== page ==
Yemeni markets flooded with stale food boost Houthi profits


Markets in Houthi-controlled governorates and the Yemeni capital, Sanaa, are awash with stale food items.

Regulators constantly announce the confiscation and destruction of large quantities of expired products in Yemeni shops and markets, and bring those responsible to justice.

However, the Houthis have recently started confiscating expired products and putting them back on the market for huge financial profits.

In militia-controlled governorates, expired food products were previously sold on carts and on sidewalks or were used to produce food products suitable for consumption.

Recently, such products have been seen on supermarket shelves, although Houthi-run control authorities continuously announce that they have seized large quantities.

A Sanaa businessman told Asharq Al-Awsat that expired food items have spilled over into the market because they have become a source of profit for the Houthi militias.

He said the rebel group blackmailed shopkeepers, confiscated their goods, even if they weren’t expired, then threatened to close their shops and hold them accountable.

The businessman, who wished to remain anonymous, said that to compensate for their losses due to the measures imposed by the Houthi militia, several traders are selling expired materials instead of destroying them.

He said Yemenis buy these products knowing they are expired only to buy them at much lower prices.

Last week, Houthi media said authorities overseeing the group were controlling a company that stored expired food products before they were recycled in private factories in the capital.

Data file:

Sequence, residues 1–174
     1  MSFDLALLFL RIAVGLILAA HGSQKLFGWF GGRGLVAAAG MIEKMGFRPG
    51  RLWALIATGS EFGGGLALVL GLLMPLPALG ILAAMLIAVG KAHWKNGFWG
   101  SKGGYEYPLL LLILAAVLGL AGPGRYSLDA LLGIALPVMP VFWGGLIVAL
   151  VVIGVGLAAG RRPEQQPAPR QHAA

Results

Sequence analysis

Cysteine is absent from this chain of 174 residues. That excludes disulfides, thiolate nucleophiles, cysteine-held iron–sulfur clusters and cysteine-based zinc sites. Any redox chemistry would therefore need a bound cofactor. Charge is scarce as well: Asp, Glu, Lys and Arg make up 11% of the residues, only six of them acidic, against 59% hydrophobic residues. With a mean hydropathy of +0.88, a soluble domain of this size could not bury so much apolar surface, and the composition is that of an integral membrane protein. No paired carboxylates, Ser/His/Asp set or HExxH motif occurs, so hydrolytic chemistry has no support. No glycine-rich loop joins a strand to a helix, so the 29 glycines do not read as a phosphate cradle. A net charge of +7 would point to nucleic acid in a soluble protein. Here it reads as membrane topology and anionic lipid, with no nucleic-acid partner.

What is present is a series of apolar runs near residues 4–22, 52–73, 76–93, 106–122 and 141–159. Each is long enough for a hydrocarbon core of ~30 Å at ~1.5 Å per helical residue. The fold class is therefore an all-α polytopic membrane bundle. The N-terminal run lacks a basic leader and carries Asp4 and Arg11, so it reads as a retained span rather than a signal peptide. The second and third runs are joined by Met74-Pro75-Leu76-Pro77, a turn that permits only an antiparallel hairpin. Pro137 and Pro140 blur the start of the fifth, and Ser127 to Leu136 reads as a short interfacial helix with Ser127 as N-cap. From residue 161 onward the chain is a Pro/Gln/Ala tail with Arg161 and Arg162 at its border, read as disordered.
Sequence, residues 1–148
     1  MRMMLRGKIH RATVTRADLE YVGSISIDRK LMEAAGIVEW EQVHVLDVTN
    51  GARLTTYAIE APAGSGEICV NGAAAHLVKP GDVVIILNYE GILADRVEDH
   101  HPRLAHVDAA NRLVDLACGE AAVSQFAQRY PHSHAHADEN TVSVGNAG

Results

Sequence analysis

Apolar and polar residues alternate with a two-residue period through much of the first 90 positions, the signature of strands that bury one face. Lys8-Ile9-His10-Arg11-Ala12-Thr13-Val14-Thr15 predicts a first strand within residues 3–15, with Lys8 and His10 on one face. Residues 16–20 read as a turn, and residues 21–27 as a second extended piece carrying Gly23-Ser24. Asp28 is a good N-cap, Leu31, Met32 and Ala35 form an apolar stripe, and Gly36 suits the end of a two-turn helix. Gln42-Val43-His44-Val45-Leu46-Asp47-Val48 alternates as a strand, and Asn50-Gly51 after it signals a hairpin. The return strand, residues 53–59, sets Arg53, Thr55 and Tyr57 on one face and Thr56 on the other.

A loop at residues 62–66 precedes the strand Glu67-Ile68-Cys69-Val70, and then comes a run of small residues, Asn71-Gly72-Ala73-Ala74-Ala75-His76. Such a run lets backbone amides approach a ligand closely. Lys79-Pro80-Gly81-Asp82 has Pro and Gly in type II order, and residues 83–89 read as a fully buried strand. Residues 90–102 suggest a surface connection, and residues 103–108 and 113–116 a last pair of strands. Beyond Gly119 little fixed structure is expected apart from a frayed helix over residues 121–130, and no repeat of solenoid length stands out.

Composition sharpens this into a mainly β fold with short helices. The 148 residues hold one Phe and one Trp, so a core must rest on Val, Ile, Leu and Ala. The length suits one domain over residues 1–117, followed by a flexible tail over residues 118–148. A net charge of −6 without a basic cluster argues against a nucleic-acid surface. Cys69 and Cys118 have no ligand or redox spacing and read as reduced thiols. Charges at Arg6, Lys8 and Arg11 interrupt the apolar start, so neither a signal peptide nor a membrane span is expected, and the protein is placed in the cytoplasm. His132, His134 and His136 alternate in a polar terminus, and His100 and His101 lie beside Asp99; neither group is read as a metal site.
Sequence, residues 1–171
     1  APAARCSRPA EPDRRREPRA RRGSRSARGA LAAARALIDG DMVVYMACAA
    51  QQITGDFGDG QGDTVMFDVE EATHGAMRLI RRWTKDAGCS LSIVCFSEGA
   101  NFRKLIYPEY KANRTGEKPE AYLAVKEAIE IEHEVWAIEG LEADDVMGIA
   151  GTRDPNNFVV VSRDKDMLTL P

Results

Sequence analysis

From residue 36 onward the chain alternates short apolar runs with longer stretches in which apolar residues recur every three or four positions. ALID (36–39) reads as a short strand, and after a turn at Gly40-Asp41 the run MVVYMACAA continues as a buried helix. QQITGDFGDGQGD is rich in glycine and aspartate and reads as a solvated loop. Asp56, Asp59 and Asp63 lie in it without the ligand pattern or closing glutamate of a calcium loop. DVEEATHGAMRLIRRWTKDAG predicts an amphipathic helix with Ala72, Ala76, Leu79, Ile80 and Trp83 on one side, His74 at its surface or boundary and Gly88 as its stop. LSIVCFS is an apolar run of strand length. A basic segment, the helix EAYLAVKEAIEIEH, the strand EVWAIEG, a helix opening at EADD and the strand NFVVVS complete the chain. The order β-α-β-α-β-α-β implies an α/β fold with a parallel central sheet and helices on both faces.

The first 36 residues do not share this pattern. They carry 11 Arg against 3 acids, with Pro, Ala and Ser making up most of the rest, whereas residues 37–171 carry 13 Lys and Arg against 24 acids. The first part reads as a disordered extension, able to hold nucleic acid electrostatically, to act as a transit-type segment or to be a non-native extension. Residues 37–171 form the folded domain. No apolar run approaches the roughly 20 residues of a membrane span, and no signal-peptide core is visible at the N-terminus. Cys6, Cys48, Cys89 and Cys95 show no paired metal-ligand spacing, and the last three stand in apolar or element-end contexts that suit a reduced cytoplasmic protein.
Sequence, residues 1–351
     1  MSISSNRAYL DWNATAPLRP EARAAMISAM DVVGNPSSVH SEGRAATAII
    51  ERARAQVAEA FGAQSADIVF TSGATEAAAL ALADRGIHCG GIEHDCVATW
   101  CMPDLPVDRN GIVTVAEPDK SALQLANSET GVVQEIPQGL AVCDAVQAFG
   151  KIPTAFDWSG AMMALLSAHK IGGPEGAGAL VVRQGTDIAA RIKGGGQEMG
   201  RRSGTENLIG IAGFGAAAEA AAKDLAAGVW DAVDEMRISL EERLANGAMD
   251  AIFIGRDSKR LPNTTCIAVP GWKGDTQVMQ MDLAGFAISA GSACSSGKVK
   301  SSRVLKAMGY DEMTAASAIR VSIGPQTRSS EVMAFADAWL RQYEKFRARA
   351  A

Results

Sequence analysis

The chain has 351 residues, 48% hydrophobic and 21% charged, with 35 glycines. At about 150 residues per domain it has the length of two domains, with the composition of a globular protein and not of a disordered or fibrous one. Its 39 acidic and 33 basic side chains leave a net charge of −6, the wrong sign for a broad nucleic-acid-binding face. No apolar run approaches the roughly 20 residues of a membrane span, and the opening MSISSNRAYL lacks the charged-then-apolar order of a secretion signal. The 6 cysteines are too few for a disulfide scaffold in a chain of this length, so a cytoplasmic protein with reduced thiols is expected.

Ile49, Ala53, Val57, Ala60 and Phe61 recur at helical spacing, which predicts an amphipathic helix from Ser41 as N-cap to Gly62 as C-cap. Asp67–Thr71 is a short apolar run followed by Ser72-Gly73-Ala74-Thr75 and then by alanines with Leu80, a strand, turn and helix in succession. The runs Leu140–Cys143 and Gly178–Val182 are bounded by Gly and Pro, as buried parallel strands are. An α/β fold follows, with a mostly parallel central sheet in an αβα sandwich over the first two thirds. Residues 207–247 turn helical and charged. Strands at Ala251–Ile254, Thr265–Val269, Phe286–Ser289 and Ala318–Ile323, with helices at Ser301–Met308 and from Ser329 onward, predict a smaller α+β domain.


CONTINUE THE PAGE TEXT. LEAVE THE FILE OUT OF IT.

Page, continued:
Its owner was arrested with tons of expired products in five warehouses and factories.

The Houthi-run Trade and Industry Ministry said 15 brands of expired and recycled products are being sold in the local market under the names of 15 fake international and local companies and nearly 40 imitated brands.

Observers believe the expired materials are sold in poor neighborhoods, where residents are unaware of the threat they leave to their health.

A source at the ministry admitted that stale food items are flooding markets and Houthi watchdogs are allowing traders to sell stale items in exchange for turning a blind eye to the daytime sale.

The source, who spoke to Asharq Al-Awsat on condition of anonymity, claims that companies and traders who support the militias are committing these violations and harming the health of citizens without being questioned or held accountable.

He added that many outdated materials are also distributed as aid under relief programs provided by the militias to improve their image.

“The Houthi militia often exchange these expired items for relief supplies provided by foreign countries and international organizations,” the source said.


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